Friday, 29 August 2008
The Power of Smell . . .
"Smell is a potent wizard that transports you across thousands of miles and all the years you have lived." ~Helen Keller
There is something really special about smells. They have the power to grasp your mind and instantly take you back to any memory in your experience . . . to make you feel really safe, or afraid, or comfortable or sad.
My mother's old wooden cooking spoon has absorbed the smell of many a year . . . and many a pot!! No matter how many times it has been washed and scrubbed, time's compelling odour abounds. The smell of garlic, onion and tomato paste permeates it and whispers golden memories of evenings shared with loved ones . . . now miles apart.
The smell of molasses cookies always takes me back to my grandmother's ample lap and the feeling of warmth and love as I cuddled there . . . the creak of her rocking chair as she held me close, and her soft voice singing "you are my sunshine" . . .
One time, when my own children were babies, I opened a bottle of gripe water and was instantly transported back to a time that was long hidden in the recesses of my mind. I can't describe the sensation, but I felt instantly comforted and safe . . .
Occasionally when I am in a chemists, I will encounter a smell that in my memory reminds me of being a teenage girl and getting ready for Saturday night . . . washing my hair and rinsing it with this pink hair conditioner . . . Lady Patricia's I believe it was called . . . it's a smell that makes me feel 16 again and full of excitement and anticipation . . . and very nostalgic.
The smell of Ma Griffe perfume always takes me back to my mother's bosom and the memory of watching her as she got gussied up to go out for a night on the tiles with my dad. She always looked so pretty and my dad looked so handsome and I knew we children would have to be extra quiet the next morning as they recovered in bed . . .
The top dresser drawer of the old white dresser in the spare room at my mom's still smells like a combination of leather, tobacco, cork grease and butterscotch wafers, or, in other words . . . my dad. He was a consummate clarinetist and used to keep a hidden stash of butterscotch wafers in that drawer along with his cork grease and wallet. He's not been there in that room for a very long time, but the smell lingers on and makes me think of my secret forays into his forbidden stash of buttery sweetness . . .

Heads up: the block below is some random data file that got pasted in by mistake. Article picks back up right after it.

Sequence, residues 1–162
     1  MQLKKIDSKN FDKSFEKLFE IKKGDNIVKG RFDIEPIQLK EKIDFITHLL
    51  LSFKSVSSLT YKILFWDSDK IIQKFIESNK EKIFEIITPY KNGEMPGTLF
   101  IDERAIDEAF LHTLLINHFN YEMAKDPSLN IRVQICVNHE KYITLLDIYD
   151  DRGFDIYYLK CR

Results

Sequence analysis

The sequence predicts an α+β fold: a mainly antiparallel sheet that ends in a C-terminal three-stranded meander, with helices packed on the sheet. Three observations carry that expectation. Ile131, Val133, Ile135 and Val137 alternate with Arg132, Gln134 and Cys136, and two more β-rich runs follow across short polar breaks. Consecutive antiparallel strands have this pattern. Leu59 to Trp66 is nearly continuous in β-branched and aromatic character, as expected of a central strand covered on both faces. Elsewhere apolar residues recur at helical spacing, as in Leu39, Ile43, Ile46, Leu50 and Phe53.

Holidays have certain smells . . . Hallowe-en smells like a combination of rotting leaves, frost and burnt pumpkin . . . Christmas, it is the smell of pine mixed with ginger, cinnamon and log fires . . . Thanksgiving smells like roasting turkeys and the spice of pumpkin pies . . . Easter smells like chocolate, lilies, and ham and eggs . . . as for your birthday, well . . . that smells like excitement, cake and melting wax candles!!!
Evening in Paris, burning leaves, a freshly sharpened pencil, a wood fire, musty moth balls, dusty attics . . . these smells and others all hold the keys to magical moments in time, known only to me. Little treasures and gems hidden in my mind just waiting for me to take them out and hold them in my hands again, if only for a moment . . .
I must offer my heartfelt thanks for all your lovely comments yesterday and your encouragement, and e-mails. They all meant the world to me and brought a little pitty pat to my heart . . . speaking of which I am pretty certain now that my heart's in quite good condition for just when I sat down to write this morning the tell tale black shadow and silent swoop of a bat's wings brushed over my head and let me tell you this ample figure hasn't moved so quickly in a long time. My heart raced, as I crawled across the kitchen floor to turn on all the lights and I am now sitting in bright daylight as every single light is on here downstairs, and they're going to stay that way until we find the offending creature . . . I confess . . . there may have been a bit of squealing involved as well . . . poor Jess did not know what was going on . . .
Speaking of making your heart go pitty pat . . . here's some lovely squares that also do it to my heart . . . not to mention making my taste bud's tingle!
*Chocolate Tiffin Squares*
Makes 15 to 24 pieces, depending on how greedy you are. :-)
4 oz butter
1 tablespoon sugar
2 tablespoons drinking chocolate
5 ounces good quality milk chocolate (I like Green and Black's organic)
1 tablespoon golden syrup
2 tablespoons sultana raisins
1 TBS glace cherries, halved
8oz Rich Tea or shortcake biscuits
Line a 7 X 11 inch shallow Swiss Roll tin with some parchment paper, lightly grease the paper, and set the pan aside.
Melt the butter and sugar with the syrup in a large pan over medium heat. Add the sultanas, cherries and the drinking chocolate. Bring to the boil. Allow to bubble gently, over low heat, for two to three minutes to thicken the mixture up a little. Stir in the milk chocolate and let it melt, mixing it in thoroughly.
Meanwhile,crush the biscuits with a rolling pin. Alternatively, you can grind them in a food processor to give crumbs, depending on whether you prefer a smooth or chunky effect. I like a mixture of both. Try not to leave the crumbs too large though or the cake won't hold together very well.
Mix the crumbs well into the chocolate mixture, coating them thoroughly. Press the mixture evenly into the prepared tin and level it out, pushing down the mixture well. Leave to set in a cool place. Once solid, lift out the parchment paper and cut into 14 to 24 pieces with a sharp knife.